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Iranian Army conflict with Kurds in Mahabad

Article from the Baltimore Sun that depicts the confrontation of the Iranian army with the Kurdish population and guerrilla fighters of the Kurdistan region in Iran, particularly in Mahabad.

Rebels brace for Iranian Army assault on Kurdish stronghold of Mahabad

 

The Sun (1837-1985): Sep 2, 1979; ProQuest Historical Newspapers: Baltimore Sun, The. (1837-1986).

 

 

 

 

Tehran, Iran (AP) — Kurdish forces braced yesterday for what could be the climactic battle of their rebellion in mountainous western Iran — an assault the government said it was sending against the Kurdish stronghold of Mahabad.

 

“We are going to crush the rebels on the command of God,” the interior minister, Hashem Sabaghian, proclaimed on the state radio.

 

Kurdish leaders mobilized their own troops, saying a fight for Mahabad would be the “battle of their destiny.” The heavily defended city is headquarters of the outlawed Kurdish Democratic party, which seeks autonomy for Iran’s 4 million Kurds.

 

A Kurdish Democratic party official, reached by telephone in Mahabad, said government forces would be welcome in Mahabad “if they came as friends. But at present we are faced with an army which regards us as enemies so we have no other choice but to try and defend our existence with our fingernails and teeth.”

 

In the radio broadcast, Sabaghian said government troops were within 4 miles of the city and he was  “warning the Kurds for the last time” not to follow the lead of the KDP. 

 

Amid reports that government armored columns were poised to move on the city as early as last weekend, a Kurdish mission went to Tehran last Sunday to explore the possibility of a negotiated settlement. But it ended negotiations without an agreement and said yesterday it was going home. The Kurdish leadership in Mahabad called a general mobilization and the government in Tehran said the Army was ready to move on the city. 

 

Meanwhile, Tehran’s official press reported scattered combat in other towns populated by Kurds, and the government took new steps to crack down on journalists. It summoned publishers of closed-down newspapers to a prison so officials could investigate their reporting. A correspondent for the London Daily Telegraph, Christopher de Kretser, was ordered out of the country on a claim he had failed to apply for press accreditation and had sent “untrue reports” to his newspaper. He became the seventh foreign correspondent expelled from Iran in 11 weeks.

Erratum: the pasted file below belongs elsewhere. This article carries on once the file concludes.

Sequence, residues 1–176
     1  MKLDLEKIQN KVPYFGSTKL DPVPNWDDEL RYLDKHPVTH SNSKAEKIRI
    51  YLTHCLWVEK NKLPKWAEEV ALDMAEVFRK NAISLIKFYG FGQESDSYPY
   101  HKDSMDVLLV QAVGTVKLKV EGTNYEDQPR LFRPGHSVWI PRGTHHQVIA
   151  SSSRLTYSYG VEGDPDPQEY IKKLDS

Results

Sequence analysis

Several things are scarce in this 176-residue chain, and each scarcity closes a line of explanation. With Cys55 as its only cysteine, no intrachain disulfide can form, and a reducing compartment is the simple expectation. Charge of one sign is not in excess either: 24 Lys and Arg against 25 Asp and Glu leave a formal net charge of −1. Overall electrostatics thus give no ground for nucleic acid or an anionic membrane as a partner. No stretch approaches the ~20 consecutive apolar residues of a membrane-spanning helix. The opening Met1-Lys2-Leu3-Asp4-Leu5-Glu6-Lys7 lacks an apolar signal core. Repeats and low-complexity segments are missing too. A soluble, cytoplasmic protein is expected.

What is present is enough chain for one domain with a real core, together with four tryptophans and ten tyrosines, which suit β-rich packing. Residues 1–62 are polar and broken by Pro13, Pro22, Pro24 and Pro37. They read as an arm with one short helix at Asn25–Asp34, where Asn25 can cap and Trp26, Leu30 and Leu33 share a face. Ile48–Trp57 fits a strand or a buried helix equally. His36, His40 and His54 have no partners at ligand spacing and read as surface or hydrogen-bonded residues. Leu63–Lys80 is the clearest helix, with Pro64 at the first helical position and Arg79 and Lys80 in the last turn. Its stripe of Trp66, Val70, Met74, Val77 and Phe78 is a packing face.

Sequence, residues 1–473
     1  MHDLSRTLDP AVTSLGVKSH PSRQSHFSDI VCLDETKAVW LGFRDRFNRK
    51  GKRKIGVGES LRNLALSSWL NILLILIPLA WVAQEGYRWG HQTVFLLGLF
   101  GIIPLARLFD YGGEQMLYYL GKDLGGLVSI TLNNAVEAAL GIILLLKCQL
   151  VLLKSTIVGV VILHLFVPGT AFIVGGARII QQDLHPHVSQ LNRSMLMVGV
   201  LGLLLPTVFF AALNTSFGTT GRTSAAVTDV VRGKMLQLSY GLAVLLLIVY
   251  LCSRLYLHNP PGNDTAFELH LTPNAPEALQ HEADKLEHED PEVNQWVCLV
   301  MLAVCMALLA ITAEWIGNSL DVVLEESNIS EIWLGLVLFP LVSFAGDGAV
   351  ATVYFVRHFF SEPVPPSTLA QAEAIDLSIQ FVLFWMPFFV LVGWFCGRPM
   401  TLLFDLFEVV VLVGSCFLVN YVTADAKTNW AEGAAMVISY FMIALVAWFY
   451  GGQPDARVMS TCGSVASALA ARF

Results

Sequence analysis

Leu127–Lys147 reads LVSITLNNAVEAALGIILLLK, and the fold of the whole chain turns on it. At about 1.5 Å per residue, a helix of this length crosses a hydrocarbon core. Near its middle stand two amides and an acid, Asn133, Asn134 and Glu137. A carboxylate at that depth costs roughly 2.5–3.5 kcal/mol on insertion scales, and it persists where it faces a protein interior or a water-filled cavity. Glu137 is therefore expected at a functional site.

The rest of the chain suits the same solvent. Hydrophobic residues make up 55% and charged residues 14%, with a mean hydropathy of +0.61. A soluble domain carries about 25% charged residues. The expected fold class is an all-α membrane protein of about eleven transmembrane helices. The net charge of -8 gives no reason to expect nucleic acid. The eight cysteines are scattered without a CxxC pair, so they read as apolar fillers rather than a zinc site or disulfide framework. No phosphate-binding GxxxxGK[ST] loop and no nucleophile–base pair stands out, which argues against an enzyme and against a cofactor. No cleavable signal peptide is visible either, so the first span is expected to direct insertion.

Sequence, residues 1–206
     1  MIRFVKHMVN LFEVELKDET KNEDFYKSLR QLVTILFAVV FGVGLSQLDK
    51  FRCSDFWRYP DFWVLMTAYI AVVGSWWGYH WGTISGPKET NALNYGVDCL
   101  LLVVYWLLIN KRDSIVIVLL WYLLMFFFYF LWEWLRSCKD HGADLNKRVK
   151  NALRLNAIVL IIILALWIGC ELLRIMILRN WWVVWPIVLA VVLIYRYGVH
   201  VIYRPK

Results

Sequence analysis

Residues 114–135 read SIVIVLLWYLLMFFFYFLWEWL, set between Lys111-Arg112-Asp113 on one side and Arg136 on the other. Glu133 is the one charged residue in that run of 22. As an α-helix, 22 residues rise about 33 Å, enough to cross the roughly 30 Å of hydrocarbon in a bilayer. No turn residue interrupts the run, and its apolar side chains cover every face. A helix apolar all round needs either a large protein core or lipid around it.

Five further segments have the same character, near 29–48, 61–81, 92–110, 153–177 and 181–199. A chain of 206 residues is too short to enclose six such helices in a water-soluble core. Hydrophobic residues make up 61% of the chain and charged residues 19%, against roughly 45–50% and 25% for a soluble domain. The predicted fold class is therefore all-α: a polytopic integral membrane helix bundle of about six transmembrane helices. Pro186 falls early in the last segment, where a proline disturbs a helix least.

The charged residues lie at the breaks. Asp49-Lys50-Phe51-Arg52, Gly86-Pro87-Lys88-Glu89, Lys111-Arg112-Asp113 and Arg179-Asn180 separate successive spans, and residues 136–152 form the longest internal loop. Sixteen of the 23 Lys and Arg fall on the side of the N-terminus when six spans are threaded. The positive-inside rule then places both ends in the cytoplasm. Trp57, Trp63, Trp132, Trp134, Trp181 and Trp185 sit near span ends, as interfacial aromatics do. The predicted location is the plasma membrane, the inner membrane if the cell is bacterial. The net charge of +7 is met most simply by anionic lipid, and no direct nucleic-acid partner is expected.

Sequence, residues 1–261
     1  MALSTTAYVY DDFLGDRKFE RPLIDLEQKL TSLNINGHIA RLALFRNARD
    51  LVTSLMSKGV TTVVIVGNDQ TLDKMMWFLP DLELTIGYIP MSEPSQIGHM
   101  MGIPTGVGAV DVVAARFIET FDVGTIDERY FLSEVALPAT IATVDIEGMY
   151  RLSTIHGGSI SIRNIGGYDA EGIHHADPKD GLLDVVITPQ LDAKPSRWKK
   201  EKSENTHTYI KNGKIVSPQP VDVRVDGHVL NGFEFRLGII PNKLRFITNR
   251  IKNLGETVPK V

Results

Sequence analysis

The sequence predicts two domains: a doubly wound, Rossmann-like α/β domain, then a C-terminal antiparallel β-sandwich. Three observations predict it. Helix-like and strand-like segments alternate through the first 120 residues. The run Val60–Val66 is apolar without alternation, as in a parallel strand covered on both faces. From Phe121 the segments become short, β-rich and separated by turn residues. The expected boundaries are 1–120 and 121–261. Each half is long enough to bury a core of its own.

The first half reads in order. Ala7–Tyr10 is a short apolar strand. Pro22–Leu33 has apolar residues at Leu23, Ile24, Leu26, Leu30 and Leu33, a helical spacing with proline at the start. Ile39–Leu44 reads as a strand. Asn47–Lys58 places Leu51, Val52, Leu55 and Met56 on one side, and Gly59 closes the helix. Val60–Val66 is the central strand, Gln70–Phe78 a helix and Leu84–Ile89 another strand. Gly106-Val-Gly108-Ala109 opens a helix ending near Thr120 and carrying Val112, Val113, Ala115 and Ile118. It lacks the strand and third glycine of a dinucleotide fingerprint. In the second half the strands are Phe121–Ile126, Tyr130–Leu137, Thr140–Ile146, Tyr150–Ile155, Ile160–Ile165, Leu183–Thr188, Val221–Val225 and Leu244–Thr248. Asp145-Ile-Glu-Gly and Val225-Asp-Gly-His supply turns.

Ayatollah Ruhollah Khomeini, the religious leader who inspired the Islamic revolution that ousted Shah Mohammad Reza Pahlavi last winter, has called on the Army to crush the Kurdish revolt. He has also banned the KDP and called for its leaders’ arrests.

 

Last weekend, in the most intense fighting so far in Kurdistan, government troops broke a rebel siege of the military garrison at Saqqez, 50 miles south of Mahabaz, using tanks, artillery, and helicopter gunships. Mahabad, with a population of 100,000 is considerably bigger, and Kurdish rebels have vowed that any fight for it will be tougher than the fight for Saqqez.

 

Government media reported yesterday that 14 persons from both sides had died in scattered fighting in the previous 72 hours.  One fight was reported at the Army garrison at Saqqez, which the official Pars news agency said was besieged anew by Kurds Friday night. Pars said they were beaten back by Army troops assisted by American-made F-4 fighter jets, used for dropping flares.

 

The Kurdish central command in Mahabad said Iranian Air Force Phantoms also strafed villages around Sardasht, 75 miles south of Mahabad, yesterday.

 

The status of Prime Minister Mehdi Bazargan was uncertain after he appealed to the people in a midnight television address Friday night to ask Ayatollah Khomeini to come to Tehran and assume the reins of government. On Saturday, state radio repeatedly announced that it, too, would broadcast Mr. Bazargan’s speech but then said that for technical reasons, it could not be aired.

 

Mr. Bazargan had said he and his provisional governments were like “a knife without a blade” In the face of growing criticism from Muslim clerics who said they were not acting in a revolutionary manner. In Tehran, the government told editors and publishers of journals that have been closed to report to Evin Prison for Investigation and to take two copies of their publications—one from before the revolution that toppled the shah and another from this summer. The government has promulgated a strict new press law, and more than 40  — article discontinued. 

 

 

 

Reproduced with permission of the copyright owner. Further reproduction prohibited without permission.

 

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Kurds, Baltimore Sun, Kurds, Ayatollah Khomeini, Iranian Kurds, Kurdistan, Kurdish Democratic Party, Kurdish armed opposition group, Mehdi Bazargan